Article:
Whenever a rule is followed (either standalone or as part of a rulebook), then the state of say__p is checked. If the flag is set, then a line break is printed and the flag is cleared. Line breaks generated in this manner are here called rulebook breaks .

We could surely design a logically equivalent system that doesn’t print a linebreak here but merely keeps track of how many line breaks it should print before the next say statement. (That is, delay rulebook breaks until the next say.)

Then (a) we would never print newlines at inopportune times (like when there is no Glk stream active); (b) you could always squash rulebook breaks at print time, rather than having to use customized forms of FollowRulebook.


How does say__pc fit in? If you ever want to truly avoid all rulebook breaks you have to do something like this:

! Run the glk event handling rules (but disable rules debugging because it crashes if keyboard input events are pending)
@push debug_rules; @push say__p; @push say__pc;
debug_rules = false; ClearParagraphing(1);
FollowRulebook(GLK_EVENT_HANDLING_RB, Glk_Event_Struct_type, true);
@pull say__pc; @pull say__p; @pull debug_rules;

It would be nice if there could be just one value to push/pull, but that’s unlikely to be something that we could change. (Unless they’re single flags, then perhaps they could be combined into a bitfield. But Zarf’s idea of actually counting would be even better, and probably precludes a bitfield (unless we split a 32bit word into parts.))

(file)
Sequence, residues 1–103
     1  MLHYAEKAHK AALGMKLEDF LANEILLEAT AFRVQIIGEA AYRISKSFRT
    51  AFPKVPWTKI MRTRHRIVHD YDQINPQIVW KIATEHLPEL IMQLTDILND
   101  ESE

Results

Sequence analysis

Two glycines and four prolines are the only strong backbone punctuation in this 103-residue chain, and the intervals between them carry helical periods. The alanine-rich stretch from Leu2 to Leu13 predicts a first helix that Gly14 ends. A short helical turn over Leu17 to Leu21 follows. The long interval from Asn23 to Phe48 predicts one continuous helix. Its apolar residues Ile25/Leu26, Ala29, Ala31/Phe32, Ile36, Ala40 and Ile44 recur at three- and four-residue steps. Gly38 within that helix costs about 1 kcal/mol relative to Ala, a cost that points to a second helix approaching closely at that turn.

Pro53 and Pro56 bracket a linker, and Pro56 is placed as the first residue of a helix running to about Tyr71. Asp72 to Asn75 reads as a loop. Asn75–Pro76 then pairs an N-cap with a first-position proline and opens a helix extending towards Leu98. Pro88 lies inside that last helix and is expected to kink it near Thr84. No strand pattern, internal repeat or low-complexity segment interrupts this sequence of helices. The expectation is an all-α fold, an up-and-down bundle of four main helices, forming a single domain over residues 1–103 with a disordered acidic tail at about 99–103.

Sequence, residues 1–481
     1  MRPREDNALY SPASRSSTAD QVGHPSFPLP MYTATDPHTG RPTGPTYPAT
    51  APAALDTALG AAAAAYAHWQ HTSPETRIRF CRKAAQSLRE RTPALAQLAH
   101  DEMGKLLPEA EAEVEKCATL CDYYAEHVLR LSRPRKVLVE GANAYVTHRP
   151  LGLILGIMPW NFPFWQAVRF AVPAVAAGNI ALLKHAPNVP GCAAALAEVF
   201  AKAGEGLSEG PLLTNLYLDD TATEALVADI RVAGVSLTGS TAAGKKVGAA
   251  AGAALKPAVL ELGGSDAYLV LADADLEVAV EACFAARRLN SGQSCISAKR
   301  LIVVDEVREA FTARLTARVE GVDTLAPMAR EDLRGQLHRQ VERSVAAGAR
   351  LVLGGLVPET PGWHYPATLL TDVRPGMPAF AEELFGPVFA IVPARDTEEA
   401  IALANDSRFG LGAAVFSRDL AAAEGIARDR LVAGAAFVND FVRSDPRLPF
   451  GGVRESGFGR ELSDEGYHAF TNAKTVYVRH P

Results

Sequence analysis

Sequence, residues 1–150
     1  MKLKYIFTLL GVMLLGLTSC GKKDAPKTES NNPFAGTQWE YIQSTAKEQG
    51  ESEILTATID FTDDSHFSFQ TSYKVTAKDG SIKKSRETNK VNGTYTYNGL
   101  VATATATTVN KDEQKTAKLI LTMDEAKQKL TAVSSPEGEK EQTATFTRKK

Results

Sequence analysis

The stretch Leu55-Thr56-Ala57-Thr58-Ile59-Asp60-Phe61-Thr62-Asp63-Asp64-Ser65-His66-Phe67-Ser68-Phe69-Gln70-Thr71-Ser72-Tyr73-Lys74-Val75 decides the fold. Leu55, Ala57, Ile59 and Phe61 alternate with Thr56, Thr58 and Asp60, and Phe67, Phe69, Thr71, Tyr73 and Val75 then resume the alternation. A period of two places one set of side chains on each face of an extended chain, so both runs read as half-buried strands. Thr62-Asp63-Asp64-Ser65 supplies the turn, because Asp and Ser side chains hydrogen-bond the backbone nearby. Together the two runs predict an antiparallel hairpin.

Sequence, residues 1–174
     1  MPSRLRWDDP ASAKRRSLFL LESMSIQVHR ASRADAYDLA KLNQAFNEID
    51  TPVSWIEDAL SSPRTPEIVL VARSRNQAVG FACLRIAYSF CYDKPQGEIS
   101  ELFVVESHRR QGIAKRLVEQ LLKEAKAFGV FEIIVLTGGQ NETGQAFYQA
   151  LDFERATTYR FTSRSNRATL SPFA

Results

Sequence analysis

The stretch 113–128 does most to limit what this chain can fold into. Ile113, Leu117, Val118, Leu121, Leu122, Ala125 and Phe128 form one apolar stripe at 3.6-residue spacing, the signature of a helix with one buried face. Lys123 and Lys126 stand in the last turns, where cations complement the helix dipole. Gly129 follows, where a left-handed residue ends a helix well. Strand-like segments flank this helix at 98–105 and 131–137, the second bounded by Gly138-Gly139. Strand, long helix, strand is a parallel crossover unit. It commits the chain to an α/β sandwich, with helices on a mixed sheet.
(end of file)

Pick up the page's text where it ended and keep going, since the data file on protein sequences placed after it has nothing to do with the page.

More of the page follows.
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say__pc is a bitmap that is used to track five flags:


There is an explanation of these in the template files, but based on an inspection of the actual template code, the explanation seems to be at least partly out-of-date.

Rulebook breaks are caused solely by routine RulebookParBreak(), which is a simple routine that conditionally calls DivideParagraphPoint() (aka DPP). DPP has the logic that tries to determine whether a line break is appropriate at that point in the text. It only prints a line break in response to say__p being set, as described above – the state of say__pc is altered by DPP but does not directly affect its choice.


Yes, this approach would make a lot of sense to me. It seems like each say statement should:

  1. process any pending line break requests
  2. emit its own text, if any
  3. make a request for zero to two line breaks to follow it before additional text

The default request in step 3 would be for zero following line breaks. The same compiler logic that currently checks for sentence-terminating punctuation could stay in place, but instead of injecting a line break it could inject a statement to indicate a request for two following line breaks.